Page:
American English, an ever-changing language

Most Americans should be aware by now that our language is forever going through changes thanks to the dynamic, pulsing society in which we live. It is a global tongue surpassing ancient Latin and modern French. All these differences are documented in a book by Robert MacNeil and William Cran, Do You Speak American? copyrighted in 2005.

As a retired teacher always fussy about grammar and spelling, it almost shocks me to learn how much our language has evolved thanks especially to the influence of immigrants as well as international commerce. Linguistics, the scientific study of language, has revealed the results of the interaction of language and society over the years. There is also the pressure on language as a result of modern technology and the needs of global business. Those robots need to understand us.

One of the things I learned from the book as well as experience in the classroom is that American English is filled with different dialects. People in different parts of the country have their own vernacular and accents especially thanks to racial and ethnic diversity. Here are a few examples of American English words that come from different cultures: sleigh, coleslaw, waffle (Dutch); dumb, ouch, kaput (German); pastrami, kibbitz, glitch (Yiddish); broccoli, espresso, radio (Italian); smithereens, speakeasy, hooligan (Irish); vamoose, mustang, corral (Spanish).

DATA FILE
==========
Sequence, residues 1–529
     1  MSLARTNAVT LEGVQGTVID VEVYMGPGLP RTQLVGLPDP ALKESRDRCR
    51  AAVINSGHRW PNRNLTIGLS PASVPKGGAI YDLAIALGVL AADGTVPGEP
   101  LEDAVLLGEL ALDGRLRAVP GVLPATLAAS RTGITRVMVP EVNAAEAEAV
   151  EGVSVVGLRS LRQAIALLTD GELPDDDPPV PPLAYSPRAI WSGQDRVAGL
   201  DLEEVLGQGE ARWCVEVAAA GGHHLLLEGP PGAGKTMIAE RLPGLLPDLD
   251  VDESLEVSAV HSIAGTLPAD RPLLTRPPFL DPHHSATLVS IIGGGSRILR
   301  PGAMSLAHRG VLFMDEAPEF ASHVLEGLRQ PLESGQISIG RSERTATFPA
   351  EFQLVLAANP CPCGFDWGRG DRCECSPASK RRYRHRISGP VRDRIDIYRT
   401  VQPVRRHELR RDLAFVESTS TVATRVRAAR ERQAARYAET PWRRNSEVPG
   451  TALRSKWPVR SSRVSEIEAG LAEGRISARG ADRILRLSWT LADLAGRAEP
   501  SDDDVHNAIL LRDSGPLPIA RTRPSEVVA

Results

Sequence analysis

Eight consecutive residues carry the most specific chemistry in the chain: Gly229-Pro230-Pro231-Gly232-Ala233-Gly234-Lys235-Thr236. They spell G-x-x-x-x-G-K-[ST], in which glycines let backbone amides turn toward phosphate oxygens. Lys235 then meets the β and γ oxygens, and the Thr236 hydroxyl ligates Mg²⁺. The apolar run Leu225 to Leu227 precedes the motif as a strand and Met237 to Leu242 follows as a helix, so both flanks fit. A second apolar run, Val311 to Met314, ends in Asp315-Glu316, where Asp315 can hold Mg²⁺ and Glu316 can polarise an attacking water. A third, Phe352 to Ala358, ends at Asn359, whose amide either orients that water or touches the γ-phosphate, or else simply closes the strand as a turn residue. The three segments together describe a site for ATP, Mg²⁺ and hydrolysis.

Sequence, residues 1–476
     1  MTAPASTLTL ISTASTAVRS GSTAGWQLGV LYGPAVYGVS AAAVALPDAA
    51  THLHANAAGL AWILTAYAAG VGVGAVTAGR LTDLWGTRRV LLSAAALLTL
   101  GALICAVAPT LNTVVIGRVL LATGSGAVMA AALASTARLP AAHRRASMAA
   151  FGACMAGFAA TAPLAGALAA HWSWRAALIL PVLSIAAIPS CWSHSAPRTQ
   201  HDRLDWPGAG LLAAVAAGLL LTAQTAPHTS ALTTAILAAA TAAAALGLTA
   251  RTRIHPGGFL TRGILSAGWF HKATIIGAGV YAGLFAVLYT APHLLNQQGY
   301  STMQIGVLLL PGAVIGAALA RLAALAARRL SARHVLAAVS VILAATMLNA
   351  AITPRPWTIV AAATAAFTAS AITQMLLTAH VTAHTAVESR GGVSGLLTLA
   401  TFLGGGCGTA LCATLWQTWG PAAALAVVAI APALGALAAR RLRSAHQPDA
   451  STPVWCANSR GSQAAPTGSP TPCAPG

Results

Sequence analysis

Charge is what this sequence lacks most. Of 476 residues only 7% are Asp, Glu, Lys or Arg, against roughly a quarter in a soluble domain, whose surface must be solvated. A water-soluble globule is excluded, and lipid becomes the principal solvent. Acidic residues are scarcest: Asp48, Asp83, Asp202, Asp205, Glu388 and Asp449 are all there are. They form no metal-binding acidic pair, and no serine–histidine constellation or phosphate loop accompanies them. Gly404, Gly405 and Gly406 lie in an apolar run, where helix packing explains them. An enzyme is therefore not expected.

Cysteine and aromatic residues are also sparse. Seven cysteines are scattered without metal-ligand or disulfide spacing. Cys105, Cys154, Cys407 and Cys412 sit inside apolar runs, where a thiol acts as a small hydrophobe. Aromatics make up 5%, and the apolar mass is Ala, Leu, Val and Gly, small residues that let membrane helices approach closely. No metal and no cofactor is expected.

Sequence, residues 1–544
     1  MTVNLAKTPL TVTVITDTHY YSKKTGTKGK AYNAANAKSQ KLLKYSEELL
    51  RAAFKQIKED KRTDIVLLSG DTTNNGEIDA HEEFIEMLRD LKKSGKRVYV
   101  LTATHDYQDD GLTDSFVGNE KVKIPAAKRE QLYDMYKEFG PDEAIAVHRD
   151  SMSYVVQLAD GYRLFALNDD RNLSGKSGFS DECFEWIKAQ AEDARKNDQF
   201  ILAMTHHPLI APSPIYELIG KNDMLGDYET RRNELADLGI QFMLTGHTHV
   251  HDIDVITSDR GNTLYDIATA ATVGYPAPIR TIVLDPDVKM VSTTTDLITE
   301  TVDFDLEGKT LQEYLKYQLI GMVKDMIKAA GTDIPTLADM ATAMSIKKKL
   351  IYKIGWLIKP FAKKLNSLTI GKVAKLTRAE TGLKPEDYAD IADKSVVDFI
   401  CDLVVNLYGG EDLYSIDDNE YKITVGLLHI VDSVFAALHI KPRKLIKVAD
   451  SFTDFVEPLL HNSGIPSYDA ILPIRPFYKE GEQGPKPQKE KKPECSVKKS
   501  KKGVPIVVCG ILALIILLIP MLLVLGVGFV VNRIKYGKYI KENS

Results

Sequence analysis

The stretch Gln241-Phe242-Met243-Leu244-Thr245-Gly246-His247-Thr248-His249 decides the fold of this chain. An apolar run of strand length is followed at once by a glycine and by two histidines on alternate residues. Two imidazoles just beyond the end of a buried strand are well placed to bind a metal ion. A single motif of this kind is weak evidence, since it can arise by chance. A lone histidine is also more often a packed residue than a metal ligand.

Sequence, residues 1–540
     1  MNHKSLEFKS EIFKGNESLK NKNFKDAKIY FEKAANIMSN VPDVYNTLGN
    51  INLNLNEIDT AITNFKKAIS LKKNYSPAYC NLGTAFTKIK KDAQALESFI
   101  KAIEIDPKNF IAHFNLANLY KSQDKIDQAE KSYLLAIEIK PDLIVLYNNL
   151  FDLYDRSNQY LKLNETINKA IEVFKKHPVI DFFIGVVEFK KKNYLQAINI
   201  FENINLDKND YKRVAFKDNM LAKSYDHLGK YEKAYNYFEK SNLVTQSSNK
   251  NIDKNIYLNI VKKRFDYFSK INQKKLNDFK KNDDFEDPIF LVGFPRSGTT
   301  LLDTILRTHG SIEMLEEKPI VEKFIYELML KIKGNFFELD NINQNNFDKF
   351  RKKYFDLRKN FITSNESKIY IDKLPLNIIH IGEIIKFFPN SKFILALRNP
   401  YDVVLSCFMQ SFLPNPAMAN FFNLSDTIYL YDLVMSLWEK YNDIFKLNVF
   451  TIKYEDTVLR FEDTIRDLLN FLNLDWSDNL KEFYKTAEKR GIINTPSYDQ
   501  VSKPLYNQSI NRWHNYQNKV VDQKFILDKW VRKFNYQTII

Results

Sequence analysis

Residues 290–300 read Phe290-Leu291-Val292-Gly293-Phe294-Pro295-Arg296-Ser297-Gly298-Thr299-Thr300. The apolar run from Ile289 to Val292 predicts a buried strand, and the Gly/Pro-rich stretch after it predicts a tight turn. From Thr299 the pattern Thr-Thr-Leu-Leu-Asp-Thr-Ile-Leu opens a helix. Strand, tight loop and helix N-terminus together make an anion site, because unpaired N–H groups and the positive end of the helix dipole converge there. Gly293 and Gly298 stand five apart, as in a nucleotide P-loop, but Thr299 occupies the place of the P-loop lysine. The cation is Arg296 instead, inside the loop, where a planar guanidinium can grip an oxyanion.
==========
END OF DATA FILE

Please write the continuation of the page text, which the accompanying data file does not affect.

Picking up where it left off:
We can take a lesson from the Romans when it comes to preserving our original English language from Great Britain. The Romans had armed camps on the outskirts of their empire to protect their civilization from barbarians. It did not work, as the empire was overrun, and Latin evolved into separate Romance languages. We are fortunate that we have modern communication technology to prevent our language from slipping away.

While we cannot change all the different spoken dialects of English, we can preserve the way we write. For example, I am always aware of the misuse of “like” and “as.” They are not interchangeable. “Like” is a preposition: “He looks like his father.” The word “as” is a conjunction: “She cooks as her mother did.” We can replace “as” with “the same way.” It may be informal but not totally ungrammatical to say, “Like I said … ” 

One of the tools my English teachers and I used to protect grammar from abuse was the sentence diagram. Every part of speech in the sentence could be demonstrated with the use of those distinct lines. So we did not, for example, confuse verbs with nouns. I am a firm advocate for such structured teaching of modern English just for the sake of preserving the basic language of our literature, government and history. We can still enjoy informal speech while protecting the mother tongue. 

Gloria C. Endres